One hour of activity a day can keep the doctor at bay
Just before this year’s Olympic Games in Rio, a study made some recommendations for non-professional athletes, specifically those of us who work in offices. So now the games have ended, it’s time to get up, get out and get fit!
The study, published in the Lancet warns of the dangers of sitting down for eight or more hours a day. The dangers associated with inactivity include; heart disease, some cancers and diabetes – and in total is linked to approximately 5.3 million deaths globally annually, compared with 5.1 million linked to smoking.
So, should you exercise every day?
This study says yes. They believe the negative effects of 8 hours’ inactivity can be offset by moderately exercising for one hour each day.
And if an hour sounds like a lot to you, don’t worry – it can be split up. Lead author Prof Ulf Ekelund, from the Norwegian School of Sports Sciences and Cambridge University, said: “You don’t need to do sport, you don’t need to go to the gym. It’s OK doing some brisk walking, maybe in the morning, during lunchtime, after dinner in the evening. You can split it up over the day, but you need to do at least one hour.”
He also recommends to “Take a five-minute break every hour, go to the next office, go upstairs to the coffee machine, go to the printer.” He added: “Build physical activity into your everyday life.”
The paper took data from 16 previous studies, mainly involving people over 45 years old from the USA, western Europe and Australia. They discovered that one hour of “moderate intensity” exercise, such as walking at 5.6 km/h or cycling for pleasure at 16 km/h, was enough to offset the ill effects of sitting for long periods.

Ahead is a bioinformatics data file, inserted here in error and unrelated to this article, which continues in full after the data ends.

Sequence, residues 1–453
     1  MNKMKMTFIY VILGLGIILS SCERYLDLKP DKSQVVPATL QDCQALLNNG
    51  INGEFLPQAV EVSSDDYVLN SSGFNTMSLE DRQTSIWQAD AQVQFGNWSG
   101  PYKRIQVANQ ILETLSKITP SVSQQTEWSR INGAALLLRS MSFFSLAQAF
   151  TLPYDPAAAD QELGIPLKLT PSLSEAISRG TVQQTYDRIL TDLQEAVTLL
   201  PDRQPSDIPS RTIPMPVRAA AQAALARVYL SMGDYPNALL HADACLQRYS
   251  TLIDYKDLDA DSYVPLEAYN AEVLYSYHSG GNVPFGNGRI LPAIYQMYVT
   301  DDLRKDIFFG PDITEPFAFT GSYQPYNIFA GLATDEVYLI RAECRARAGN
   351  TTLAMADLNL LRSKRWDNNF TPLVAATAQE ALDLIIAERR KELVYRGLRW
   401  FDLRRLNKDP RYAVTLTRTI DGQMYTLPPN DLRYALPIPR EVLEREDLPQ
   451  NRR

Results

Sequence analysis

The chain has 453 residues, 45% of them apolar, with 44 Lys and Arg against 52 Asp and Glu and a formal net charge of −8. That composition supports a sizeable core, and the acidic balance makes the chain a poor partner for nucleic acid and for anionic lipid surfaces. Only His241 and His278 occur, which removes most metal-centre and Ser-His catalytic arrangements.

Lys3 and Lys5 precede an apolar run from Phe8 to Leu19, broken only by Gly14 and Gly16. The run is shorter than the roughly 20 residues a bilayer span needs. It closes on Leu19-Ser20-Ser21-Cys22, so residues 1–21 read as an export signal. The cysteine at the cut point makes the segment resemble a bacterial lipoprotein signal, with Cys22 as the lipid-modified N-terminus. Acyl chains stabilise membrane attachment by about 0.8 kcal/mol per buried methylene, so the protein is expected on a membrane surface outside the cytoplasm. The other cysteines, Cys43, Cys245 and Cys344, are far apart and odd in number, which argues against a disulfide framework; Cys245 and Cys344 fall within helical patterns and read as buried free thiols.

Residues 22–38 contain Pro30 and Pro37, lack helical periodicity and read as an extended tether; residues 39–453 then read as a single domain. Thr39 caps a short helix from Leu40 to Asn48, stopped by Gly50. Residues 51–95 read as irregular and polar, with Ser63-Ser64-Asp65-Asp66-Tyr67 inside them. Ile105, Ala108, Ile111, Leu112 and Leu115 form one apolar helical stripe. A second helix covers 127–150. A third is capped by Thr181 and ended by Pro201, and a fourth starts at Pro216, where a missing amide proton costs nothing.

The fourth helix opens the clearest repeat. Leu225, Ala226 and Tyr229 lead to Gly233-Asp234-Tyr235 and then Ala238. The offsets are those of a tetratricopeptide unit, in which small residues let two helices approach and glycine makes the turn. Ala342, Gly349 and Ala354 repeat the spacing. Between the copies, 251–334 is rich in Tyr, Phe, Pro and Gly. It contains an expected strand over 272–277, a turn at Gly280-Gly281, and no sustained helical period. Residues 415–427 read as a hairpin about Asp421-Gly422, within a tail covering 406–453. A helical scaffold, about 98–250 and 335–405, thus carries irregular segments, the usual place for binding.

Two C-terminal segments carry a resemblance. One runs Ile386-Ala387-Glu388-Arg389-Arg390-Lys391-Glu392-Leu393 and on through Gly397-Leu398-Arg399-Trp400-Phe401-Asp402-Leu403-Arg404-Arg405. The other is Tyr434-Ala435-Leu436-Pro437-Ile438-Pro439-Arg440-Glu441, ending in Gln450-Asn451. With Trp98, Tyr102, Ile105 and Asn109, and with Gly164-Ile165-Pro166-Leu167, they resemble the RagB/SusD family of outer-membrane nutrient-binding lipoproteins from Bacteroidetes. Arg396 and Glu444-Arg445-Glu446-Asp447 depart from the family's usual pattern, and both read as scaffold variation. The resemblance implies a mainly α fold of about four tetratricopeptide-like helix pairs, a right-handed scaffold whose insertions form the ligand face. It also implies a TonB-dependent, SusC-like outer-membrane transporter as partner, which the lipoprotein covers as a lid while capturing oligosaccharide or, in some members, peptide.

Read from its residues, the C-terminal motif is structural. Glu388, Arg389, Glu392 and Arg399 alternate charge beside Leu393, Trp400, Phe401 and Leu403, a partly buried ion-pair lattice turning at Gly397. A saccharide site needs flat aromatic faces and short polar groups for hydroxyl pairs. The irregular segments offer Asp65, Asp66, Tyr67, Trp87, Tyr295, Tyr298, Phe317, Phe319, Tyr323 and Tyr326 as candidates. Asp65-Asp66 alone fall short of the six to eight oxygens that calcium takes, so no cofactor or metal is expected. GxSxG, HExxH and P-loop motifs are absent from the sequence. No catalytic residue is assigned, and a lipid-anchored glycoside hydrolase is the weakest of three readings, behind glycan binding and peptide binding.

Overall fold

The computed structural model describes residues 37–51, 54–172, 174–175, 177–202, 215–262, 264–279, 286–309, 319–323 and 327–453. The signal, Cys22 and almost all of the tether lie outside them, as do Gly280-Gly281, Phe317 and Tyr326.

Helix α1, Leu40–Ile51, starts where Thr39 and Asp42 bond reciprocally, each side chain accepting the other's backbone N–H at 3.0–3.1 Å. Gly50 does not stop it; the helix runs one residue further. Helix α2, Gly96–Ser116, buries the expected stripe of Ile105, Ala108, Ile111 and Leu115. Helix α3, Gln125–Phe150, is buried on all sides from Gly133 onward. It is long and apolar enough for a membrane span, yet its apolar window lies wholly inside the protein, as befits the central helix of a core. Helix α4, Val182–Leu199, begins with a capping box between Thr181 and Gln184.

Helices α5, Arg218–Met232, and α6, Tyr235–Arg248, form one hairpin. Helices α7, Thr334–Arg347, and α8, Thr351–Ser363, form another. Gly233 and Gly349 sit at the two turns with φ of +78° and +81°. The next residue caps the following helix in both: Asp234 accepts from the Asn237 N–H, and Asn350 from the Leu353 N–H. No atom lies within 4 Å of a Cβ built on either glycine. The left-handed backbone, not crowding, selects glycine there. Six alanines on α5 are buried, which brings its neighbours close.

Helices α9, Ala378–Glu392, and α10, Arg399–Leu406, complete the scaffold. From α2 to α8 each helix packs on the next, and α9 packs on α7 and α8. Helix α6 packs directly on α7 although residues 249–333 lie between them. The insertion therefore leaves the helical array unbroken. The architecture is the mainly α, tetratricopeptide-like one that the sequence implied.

Although the study is only aimed at those who sit down for more than eight hours a day, it may be enough for the NHS to reconsider their recommended 150 minutes of moderate exercise a week.
Don’t forget your diet
As well as getting enough exercise, it is also extremely important to monitor what you eat. The report states one of the dangers of sitting down to watch TV is that it encourages consumption of unhealthy snacks.
Here at Mr Protein, we advocate the health benefits of both cutting down on gluten and cutting it out completely. One of the reasons for this is by cutting out gluten, you automatically cut out a lot of ‘junk food options’. Gluten-based snacks are also prone to bloating and causing lethargy – encouraging further inactivity.
If this study has sparked you to do more exercise or join a gym, then consider supplementing your new exercise programme with a delicious gluten free protein powder. Protein powder helps support, build and repair your muscles, which is really beneficial when starting a new exercise regime.